2.12.11. _sys_tmpnam()
2.12.12. _sys_command_string()
2.12.13. #pragma import(_main_redirection)
2.13. Tailoring other C library functions
2.13.1. clock()
2.13.2. _clock_init()
2.13.3. time()
2.13.4. remove()
2.13.5. rename()
2.13.6. system()
2.13.7. getenv()
2.13.8. _getenv_init()
2.14. Selecting real‑time division
2.15. ISO implementation definition
2.15.1. ISO C library implementation definition
2.15.2. Standard C++ library implementation definition
2.16. C library extensions
2.16.1. atoll()
2.16.2. strtoll()
2.16.3. strtoull()
2.16.4. printf()
2.16.5. snprintf()
2.16.6. vsnprintf()
2.16.7. lldiv()
2.16.8. llabs()
2.16.9. wcstombs()
2.16.10. alloca()
2.16.11. strlcpy()
2.16.12. strlcat()
2.16.13. _fisatty()
2.16.14. __heapstats()
2.16.15. __heapvalid()
2.17. Library naming conventions
2.17.1. Placing ARM libraries
2.17.2. Helper libraries
2.17.3. Identifying library variants
3. The C Micro-library
3.1. About microlib
3.1.1. Differences from the default C library
3.2. Building an application with microlib
3.3. Using microlib
3.3.1. Creating the stack
3.3.2. Creating the heap
3.3.3. Entering and exiting your program
3.4. Tailoring the microlib input/output functions
3.5. ISO C features missing from microlib
4. Floating‑point Support
4.1. The software floating‑point library, fplib
4.1.1. Features of the floating‑point library, fplib
4.1.2. Arithmetic on numbers in a particular format
4.1.3. Conversions between floats, doubles, and ints
4.1.4. Conversions between long longs and other number formats
4.1.5. Floating‑point comparisons
4.1.6. C99 functions
4.2. Controlling the floating‑point environment
4.2.1. __ieee_status()
4.2.2. __fp_status()
4.2.3. __vfp_status()
4.2.4. Microsoft compatibility functions
4.2.5. C99 compatible functions
4.2.6. ARM compiler extensions to the C99 interface
4.3. The math library, mathlib
4.3.1. Range reduction in mathlib
4.3.2. Determine the type of a floating‑point number (fpclassify)
4.3.3. Determine if a number is finite (isfinite)
4.3.4. Determine if a number is infinite (isinf)
4.3.5. Determine if a number is a NaN (isnan)
4.3.6. Determine if a number is normal (isnormal)
4.3.7. Return the sign bit of a number (signbit)
4.3.8. Copy sign functions (copysign, copysignf)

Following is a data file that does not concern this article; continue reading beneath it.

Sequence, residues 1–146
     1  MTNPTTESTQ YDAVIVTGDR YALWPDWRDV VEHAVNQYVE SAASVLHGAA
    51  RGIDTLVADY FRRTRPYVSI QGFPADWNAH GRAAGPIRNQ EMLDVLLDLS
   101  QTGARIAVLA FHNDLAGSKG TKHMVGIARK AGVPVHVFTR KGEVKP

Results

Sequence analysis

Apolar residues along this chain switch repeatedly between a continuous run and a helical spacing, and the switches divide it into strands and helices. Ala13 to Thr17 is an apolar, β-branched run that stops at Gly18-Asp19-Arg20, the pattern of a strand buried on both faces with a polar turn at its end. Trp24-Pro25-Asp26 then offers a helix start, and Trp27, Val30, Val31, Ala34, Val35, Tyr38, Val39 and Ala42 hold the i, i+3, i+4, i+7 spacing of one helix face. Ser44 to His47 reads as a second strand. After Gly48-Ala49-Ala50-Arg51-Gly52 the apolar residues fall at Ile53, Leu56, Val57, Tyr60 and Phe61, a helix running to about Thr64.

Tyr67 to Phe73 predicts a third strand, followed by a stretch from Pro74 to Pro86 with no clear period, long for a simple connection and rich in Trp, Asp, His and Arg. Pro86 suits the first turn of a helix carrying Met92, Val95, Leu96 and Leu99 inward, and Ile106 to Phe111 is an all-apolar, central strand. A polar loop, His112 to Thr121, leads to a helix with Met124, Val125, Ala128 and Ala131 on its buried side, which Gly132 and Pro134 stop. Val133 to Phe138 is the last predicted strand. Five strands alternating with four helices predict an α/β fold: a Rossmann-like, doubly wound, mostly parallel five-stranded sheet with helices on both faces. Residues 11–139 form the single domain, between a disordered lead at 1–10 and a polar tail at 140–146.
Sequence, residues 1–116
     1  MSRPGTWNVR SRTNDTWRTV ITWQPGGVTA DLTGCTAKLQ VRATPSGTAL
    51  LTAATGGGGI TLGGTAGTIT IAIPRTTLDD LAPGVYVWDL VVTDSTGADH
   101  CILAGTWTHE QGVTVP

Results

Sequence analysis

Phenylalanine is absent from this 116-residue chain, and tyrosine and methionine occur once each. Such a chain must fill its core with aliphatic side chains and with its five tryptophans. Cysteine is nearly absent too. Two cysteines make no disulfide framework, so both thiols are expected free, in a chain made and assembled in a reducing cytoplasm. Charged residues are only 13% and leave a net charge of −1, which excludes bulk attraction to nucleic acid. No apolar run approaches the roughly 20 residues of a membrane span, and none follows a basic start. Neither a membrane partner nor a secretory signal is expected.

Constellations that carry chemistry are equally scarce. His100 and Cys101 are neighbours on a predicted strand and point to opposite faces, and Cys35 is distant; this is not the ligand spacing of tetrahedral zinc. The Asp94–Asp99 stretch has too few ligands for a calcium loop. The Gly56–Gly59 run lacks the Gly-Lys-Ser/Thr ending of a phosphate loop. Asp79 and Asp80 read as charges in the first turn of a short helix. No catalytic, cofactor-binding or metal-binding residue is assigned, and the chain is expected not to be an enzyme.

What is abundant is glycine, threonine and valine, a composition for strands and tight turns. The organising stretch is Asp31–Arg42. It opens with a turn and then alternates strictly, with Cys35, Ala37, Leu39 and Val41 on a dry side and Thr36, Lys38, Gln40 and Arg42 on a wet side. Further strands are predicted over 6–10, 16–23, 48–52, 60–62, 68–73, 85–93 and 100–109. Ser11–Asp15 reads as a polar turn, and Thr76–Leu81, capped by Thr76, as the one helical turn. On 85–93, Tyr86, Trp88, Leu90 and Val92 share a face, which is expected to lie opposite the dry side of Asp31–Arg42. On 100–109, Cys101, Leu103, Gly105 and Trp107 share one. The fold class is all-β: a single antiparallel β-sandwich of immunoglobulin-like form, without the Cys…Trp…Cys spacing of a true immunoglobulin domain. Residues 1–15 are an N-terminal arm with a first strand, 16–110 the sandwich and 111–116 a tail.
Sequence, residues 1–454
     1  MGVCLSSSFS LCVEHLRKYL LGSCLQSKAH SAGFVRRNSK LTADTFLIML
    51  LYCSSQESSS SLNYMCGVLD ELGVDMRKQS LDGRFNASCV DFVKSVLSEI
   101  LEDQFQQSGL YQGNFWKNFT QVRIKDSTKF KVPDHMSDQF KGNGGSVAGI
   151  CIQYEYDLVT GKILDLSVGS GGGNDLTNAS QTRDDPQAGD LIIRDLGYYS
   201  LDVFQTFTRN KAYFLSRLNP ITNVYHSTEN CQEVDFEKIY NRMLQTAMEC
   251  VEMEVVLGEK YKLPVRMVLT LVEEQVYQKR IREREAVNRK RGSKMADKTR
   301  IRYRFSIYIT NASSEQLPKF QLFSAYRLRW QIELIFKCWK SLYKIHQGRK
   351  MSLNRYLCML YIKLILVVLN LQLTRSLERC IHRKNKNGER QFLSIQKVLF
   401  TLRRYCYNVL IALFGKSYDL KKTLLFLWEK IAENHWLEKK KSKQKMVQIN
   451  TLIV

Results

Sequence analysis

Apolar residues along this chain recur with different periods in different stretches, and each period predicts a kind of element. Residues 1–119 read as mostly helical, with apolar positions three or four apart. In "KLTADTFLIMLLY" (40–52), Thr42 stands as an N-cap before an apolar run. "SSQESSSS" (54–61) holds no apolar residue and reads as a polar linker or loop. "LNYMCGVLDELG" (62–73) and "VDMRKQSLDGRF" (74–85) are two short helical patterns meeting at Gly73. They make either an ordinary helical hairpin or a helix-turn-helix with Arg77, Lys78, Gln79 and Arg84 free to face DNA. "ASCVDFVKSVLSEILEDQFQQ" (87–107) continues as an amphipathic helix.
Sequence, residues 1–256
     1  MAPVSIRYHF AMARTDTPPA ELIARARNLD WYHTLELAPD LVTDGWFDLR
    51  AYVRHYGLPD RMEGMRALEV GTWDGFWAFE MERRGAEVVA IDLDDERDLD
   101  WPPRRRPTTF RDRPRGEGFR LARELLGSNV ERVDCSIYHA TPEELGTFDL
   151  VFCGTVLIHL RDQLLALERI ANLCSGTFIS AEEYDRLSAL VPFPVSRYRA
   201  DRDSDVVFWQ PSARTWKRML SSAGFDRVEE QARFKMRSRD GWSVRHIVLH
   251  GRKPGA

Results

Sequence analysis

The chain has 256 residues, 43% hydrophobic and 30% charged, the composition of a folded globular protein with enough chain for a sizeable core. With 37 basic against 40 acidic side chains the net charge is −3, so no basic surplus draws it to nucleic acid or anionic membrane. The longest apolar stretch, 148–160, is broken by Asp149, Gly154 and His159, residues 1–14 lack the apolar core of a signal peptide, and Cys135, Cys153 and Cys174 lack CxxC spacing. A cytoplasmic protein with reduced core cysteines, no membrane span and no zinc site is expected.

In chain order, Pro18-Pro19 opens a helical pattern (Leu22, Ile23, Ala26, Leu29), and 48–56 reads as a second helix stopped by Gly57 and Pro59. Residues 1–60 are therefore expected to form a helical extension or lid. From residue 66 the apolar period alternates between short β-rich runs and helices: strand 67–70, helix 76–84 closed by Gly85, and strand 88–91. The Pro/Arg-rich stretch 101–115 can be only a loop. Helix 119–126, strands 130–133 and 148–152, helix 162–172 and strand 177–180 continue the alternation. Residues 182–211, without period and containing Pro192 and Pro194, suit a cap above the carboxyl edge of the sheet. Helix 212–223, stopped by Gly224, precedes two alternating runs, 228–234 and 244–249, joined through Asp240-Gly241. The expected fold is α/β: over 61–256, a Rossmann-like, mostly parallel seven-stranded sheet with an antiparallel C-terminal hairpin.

4.3.9. Comparison macros (isgreater, isgreaterequal, isless, islessequal, islessgreater, isunordered)
4.3.10. Inverse hyperbolic functions (acosh, asinh, atanh)
4.3.11. Cube root (cbrt)
4.3.12. Error functions (erf, erfc)
4.3.13. One less than exp(x) (expm1)
4.3.14. Gamma function (gamma, gamma_r)
4.3.15. Hypotenuse function (hypot)
4.3.16. Bessel functions of the first kind (j0, j1, jn)
4.3.17. The logarithm of the gamma function
4.3.18. Logarithm of one more than x (log1p)
4.3.19. IEEE 754 remainder function (remainder)
4.3.20. IEEE round‑to‑integer operation (rint)
4.3.21. Return the fraction part of a number (significand)
4.3.22. Bessel functions of the second kind (y0, y1, yn)
4.3.23. Legacy, Exponent of a number (ilogb, ilogbf, ilogbl)
4.3.24. Legacy, Determine if a number is finite (finite)
4.3.25. Legacy, Determine if a number is a NaN (isnan)
4.4. IEEE 754 arithmetic
4.4.1. Basic data types
4.4.2. Arithmetic and rounding
4.4.3. Exceptions

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Some material in this document is based on IEEE 754 - 1985 IEEE Standard for Binary Floating-Point Arithmetic. The IEEE disclaims any responsibility or liability resulting from the placement and use in the described manner.

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Product Status

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Revision History
Revision AMarch 2007Release 3.1 for RVDS v3.1
Copyright © 2007 ARM Limited. All rights reserved.ARM DUI 0349A